If you’ve reviewed an ARC or would like to help me promote the release, I have a media package that’s available to help out! It includes a couple of promo images, my bio/photo, buy links and the blurb.
Spoiler warning: If you haven’t read Graveyard Shift yet and want to avoid spoilers, save this blog post for after you read it.
Graveyard Shift has been out for almost four months, but at this time last year, I was still writing it. For those of you who read it, I wanted to talk a bit about that scene — the one that made a few readers cry, made others knock stars off their rating of the book, and made some other readers angry. All completely valid reactions.
I’m talking about Iskander’s death.
From a storytelling perspective, I knew someone needed to die in this book. They were facing Hudson’s nightmare and the consequences for failure had to be huge. It was like the scene in Serenity, just before the climax, when Wash manages to land the ship and everyone’s safe and—he gets killed. Right then, you knew that none of the characters were safe in the upcoming fight.
So my first synopsis included Iskander’s death. He was never supposed to survive the first book, but…he did. (Just like I had the bad guy all planned out in Not Dead Yet, and then Julia surprised me and walked onto the page in the big reveal.) I hemmed and hawed about Iskander’s death because I really didn’t want to pile the pain on Evan. My editor came back and asked for some changes to the plot (not about the death, but stakes), and I decided to change who was going to die, and how. I started the book with that plan in mind.
And then, on March 1, 2019, my dad passed away.
He was battling lung cancer for the fourth time. I wanted to believe the chemo was working and he’d beat it this time like he’d done the other three times. But he didn’t. Things got very bad, very quickly, and I’m so grateful I was able to be with him and my mom when he passed.
I can hardly believe it’s been a year.
When I got back to writing — because I was in the middle of drafting Graveyard Shift, and had to push deadlines back — I let my grief out onto the page. Iskander died. A character all the other characters in the book loved. And through that, I was able to process some of the things I was feeling in that moment. Putting my grief into writing helped me deal.
The audiobook of Graveyard Shift is sitting on my phone, untouched, waiting for me to listen to it. Greg Boudreaux is such an amazing narrator and I absolutely loved how he brought the first two books to life. But I can’t do it. Not yet. Because that grief is real, and I’m not sure I’ll ever be ready to revisit it.
I’ve been thinking about writing this post for a long time, just to share. Thanks for reading.
The second book in the Not Dead Yet series is out today, and I’m so excited for all of you to find out what Wes and Hudson are up to. Hint: it involves ghosts, secrets, and paranormal weirdness. So, you know, just another day in Toronto.
The bigger they are, the harder they maul.
Immortal not-ghost Wes Cooper and his vampire partner, Hudson Rojas, have it all—rewarding private investigation work, great friends and, most important, a love that’s endured. But ever since Wes sent a demon screaming back to the beyond, his abilities have grown overpowering and overwhelming. He’s hiding the fact that he’s losing control the best he can, but it’s hard to keep anything a secret for long when your partner’s a former cop…and especially when your partner’s a former cop who wants to move in together.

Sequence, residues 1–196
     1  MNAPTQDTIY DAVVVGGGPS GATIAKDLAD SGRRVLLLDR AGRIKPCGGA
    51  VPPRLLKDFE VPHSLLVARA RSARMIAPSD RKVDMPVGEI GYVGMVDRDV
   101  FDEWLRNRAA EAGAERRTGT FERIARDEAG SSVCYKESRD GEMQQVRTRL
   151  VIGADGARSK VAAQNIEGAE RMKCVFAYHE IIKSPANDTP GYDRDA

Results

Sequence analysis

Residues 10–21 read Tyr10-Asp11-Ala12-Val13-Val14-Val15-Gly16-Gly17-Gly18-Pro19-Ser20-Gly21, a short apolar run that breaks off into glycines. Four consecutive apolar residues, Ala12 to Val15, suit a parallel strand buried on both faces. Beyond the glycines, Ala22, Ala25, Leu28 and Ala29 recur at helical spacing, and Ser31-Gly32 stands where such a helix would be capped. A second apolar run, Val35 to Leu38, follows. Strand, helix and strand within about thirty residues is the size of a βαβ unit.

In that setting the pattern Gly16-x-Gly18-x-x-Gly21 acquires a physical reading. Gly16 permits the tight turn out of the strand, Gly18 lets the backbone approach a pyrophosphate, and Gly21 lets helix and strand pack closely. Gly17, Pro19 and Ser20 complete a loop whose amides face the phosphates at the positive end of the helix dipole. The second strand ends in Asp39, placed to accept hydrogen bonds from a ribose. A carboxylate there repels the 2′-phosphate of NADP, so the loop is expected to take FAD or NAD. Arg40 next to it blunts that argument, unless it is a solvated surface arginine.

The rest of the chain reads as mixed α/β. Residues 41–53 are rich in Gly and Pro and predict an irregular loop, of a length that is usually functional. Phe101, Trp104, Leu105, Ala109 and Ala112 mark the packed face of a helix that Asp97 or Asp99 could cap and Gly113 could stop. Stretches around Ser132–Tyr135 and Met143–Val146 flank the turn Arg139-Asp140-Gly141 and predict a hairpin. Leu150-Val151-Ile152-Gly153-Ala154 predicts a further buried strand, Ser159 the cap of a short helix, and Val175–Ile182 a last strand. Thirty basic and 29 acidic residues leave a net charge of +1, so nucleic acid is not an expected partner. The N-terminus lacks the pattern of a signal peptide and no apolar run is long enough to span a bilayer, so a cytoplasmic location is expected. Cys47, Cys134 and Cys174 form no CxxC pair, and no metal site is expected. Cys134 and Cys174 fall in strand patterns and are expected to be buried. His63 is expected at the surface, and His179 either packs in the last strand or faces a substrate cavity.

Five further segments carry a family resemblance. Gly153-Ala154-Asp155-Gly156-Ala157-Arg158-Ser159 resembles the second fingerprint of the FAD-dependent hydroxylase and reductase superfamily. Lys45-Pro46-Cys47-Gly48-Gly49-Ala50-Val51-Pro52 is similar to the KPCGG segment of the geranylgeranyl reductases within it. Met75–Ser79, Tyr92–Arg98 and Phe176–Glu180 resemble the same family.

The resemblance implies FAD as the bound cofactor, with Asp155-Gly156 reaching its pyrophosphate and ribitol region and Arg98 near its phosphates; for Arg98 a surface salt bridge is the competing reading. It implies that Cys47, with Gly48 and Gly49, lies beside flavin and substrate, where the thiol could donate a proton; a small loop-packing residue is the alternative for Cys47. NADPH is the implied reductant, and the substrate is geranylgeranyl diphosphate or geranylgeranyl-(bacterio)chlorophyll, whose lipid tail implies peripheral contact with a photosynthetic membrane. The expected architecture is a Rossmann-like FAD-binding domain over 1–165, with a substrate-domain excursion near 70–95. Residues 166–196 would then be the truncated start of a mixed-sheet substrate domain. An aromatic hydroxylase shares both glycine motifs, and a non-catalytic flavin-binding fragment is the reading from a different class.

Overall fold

When all hell literally breaks loose in Toronto and superstrength ghosts are unleashed on Wes and his friends, he and Hudson are thrown into a case unlike any they’ve seen before. To save the city, Wes needs to harness his new power…and find some answers. But when he gets them, the solution to fix it all could mean losing everything.
One-click with confidence. This title is part of the Carina Press Romance Promise: all the romance you’re looking for with an HEA/HFN. It’s a promise!
I’m so happy the time is here to introduce the world to immortal not-ghost Wes and his ex-boyfriend, grumpy veteran detective Hudson. Early reviews have been incredibly positive, which is always heartening.
For this release, I’ve partnered with A Novel Take PR for a release blitz and Instagram tour! Watch for posts on Twitter, Facebook and Instagram and be sure to enter the giveaways! You’ve got a chance to win an exclusive, signed paperback version of Not Dead Yet plus some Canadian swag, a $10 Amazon gift card, or a signed paperback version of The Gryphon King’s Consort.
The second book in the Not Dead Yet series will be out in June!
If you haven’t had enough of Wes and Hudson, don’t worry…there are two more books coming this year! Give Up the Ghost, book 2, comes out on June 3, 2019, and Graveyard Shift, book 3, will be out in November!
What better way to celebrate than with a book sale? Everyone needs reading for the long weekend, right?
Carina Press has put Lonely Shore, the second book in the Chaos Station series, on sale for only 99¢! And with book one permanently priced at $1.49, you can get started on this epic space adventure series for cheap!
In the sequel to the Rainbow-Award-winning Skythane, Xander and Jameson thought they’d fulfilled their destiny when they brought the worlds of Oberon and Titania back together, but their short-lived moment of triumph is over.
Reunification has thrown the world into chaos. A great storm ravaged Xander’s kingdom of Gaelan, leaving the winged skythane people struggling to survive. Their old enemy, Obercorp, is biding its time, waiting to strike. And to the north, a dangerous new adversary gathers strength, while an unexpected ally awaits them.
In the midst of it all, Xander’s ex Alix returns, and Xander and Jameson discover that their love for each other may have been drug-induced.
Are they truly destined for each other, or is what they feel concocted? And can they face an even greater challenge when their world needs them most?
The Oberon Cycle: Book Two
About the Oberon Cycle:
Xander is a skythane man whose wings have always been a liability on the lander-dominated half world of Oberon.
Jameson is a lander who has been sent to Oberon to find out why the supply of the psycho-amoratic drug pith has dropped off.
What neither knows is that they have a shared destiny that will change the two of them – and all of Oberon – forever.
Xander stared at the torrent of water pouring over the cavern entrance. Somewhere out there, Quince and the others were lost in the storm.